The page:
Figure 1 – Schematic Diagram of Vapor Saturation Apparatus
The insulated box, containing sample holders, may be of any suitable size and shape. The sketch in Figure 1 shows a box containing three solid sample holders and three liquid sample holders, which allows for the triplicate analysis of either a solid or liquid sample. The temperature within the box is controlled to ±0.5° or better. Nitrogen gas, split into six streams and controlled by fine needle valves (approximately 0.79 mm orifice), flows into the box via 3.8 mm (0.125 in.) i.d. copper tubing. After temperature equilibration, the gas flows through the sample and the sorbent trap and exits from the box. The flow rate of the effluent carrier gas is measured at room temperature with a bubble flow meter or other suitable device. The flow rate is checked frequently during the experiment to assure that there is an accurate value for the total volume of carrier gas. The flow rate is used to calculate the total volume (at room temperature) of gas that has passed through the sample and sorbent [(vol/time) × time = volume]. The vapor pressure of the test substance can be calculated from the total gas volume and the mass of sample vaporized. If v is the volume of gas that transported mass w of the vaporized test material having a molecular weight M, and if p is the equilibrium vapor pressure of the sample at temperature T, then p is calculated by the equation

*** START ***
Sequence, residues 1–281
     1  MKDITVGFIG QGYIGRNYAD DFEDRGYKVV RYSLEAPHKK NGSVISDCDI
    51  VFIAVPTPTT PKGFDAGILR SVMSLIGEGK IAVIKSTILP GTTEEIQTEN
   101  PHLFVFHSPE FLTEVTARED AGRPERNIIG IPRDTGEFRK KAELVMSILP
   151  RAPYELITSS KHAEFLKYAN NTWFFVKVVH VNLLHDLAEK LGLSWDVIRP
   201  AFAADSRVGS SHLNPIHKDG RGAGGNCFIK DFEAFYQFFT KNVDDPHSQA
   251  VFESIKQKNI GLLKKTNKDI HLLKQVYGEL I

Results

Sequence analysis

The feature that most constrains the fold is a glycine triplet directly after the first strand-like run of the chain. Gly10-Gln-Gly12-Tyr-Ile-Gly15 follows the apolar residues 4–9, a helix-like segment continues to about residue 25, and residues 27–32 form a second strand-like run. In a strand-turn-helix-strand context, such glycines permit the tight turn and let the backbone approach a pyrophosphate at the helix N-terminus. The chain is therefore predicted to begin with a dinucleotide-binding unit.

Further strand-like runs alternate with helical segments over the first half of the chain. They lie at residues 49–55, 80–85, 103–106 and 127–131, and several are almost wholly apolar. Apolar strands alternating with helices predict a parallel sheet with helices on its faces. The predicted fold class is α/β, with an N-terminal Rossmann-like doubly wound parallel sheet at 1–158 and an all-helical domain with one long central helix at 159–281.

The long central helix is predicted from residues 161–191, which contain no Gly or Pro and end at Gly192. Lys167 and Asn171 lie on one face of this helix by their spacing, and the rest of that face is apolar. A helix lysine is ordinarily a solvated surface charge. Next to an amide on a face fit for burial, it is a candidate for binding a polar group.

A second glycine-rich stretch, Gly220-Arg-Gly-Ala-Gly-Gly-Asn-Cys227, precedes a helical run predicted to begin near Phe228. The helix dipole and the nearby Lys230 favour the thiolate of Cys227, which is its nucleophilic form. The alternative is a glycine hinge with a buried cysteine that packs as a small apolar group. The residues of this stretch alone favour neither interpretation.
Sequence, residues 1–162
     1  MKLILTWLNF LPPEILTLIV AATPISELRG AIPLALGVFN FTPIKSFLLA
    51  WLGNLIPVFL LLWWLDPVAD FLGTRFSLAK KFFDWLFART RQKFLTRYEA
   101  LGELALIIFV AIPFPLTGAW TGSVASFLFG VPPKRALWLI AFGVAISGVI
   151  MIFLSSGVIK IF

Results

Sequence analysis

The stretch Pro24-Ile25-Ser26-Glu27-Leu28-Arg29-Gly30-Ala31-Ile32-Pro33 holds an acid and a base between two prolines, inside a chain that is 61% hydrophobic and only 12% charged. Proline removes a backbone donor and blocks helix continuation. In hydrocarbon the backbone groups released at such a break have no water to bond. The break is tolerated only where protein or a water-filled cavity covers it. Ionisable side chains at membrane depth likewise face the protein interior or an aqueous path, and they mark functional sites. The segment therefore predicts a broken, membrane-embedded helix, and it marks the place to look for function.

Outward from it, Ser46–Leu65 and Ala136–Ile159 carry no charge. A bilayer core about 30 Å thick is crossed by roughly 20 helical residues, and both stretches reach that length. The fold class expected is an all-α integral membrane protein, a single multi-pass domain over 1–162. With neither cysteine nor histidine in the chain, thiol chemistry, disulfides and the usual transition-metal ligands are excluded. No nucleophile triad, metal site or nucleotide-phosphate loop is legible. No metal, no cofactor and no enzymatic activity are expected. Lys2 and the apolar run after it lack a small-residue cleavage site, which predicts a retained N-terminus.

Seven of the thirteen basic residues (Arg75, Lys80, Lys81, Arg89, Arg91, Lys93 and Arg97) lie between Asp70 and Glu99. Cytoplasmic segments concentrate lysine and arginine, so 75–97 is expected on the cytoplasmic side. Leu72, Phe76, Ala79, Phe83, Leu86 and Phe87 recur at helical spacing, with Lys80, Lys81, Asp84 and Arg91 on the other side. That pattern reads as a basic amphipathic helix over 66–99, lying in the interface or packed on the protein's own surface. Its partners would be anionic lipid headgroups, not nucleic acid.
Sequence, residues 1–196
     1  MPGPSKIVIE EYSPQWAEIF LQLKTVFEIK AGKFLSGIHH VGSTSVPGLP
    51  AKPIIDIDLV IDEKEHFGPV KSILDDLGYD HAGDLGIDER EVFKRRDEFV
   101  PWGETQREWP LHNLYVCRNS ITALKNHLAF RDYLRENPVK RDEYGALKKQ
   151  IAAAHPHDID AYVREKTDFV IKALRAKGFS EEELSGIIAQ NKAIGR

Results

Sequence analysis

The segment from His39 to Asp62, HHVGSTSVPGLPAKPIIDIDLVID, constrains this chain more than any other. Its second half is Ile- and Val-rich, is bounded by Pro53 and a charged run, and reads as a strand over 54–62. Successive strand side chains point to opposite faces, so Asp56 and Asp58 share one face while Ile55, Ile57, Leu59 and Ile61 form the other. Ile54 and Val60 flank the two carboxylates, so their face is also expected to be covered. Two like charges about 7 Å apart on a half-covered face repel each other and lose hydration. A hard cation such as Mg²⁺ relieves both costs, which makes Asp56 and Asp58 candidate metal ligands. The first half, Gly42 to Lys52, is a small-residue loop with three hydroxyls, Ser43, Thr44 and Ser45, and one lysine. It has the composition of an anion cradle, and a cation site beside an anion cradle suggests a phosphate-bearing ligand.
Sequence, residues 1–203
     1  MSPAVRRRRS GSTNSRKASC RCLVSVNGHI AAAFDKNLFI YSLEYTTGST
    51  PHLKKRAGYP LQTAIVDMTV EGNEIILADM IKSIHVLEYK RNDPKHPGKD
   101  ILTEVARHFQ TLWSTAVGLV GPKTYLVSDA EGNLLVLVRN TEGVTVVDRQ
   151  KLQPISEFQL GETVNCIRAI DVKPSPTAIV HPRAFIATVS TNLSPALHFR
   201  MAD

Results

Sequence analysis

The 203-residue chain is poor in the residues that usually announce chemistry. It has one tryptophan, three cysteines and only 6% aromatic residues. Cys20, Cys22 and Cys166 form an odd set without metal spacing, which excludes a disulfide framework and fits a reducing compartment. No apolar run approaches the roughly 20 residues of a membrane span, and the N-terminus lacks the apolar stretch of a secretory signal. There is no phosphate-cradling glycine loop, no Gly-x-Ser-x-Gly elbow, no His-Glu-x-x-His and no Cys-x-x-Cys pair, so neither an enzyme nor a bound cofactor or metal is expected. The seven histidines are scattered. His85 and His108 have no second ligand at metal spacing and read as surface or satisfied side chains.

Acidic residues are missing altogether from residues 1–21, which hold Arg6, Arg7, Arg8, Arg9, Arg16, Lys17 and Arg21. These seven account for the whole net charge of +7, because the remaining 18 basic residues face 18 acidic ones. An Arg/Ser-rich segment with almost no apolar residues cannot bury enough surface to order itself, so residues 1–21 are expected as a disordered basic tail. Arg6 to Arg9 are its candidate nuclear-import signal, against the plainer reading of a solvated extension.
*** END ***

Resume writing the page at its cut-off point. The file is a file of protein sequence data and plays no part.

p = (w/M)(RT/v).

In this equation, R is the gas constant (8.31 Pa m
3mol−1 K−1). The pressure is expressed in pascals (Pa), the volume in cubic meters (m
3), mass in grams and T in kelvins (K). T = 273.15 + t, if t is measured in degrees Celsius (°C).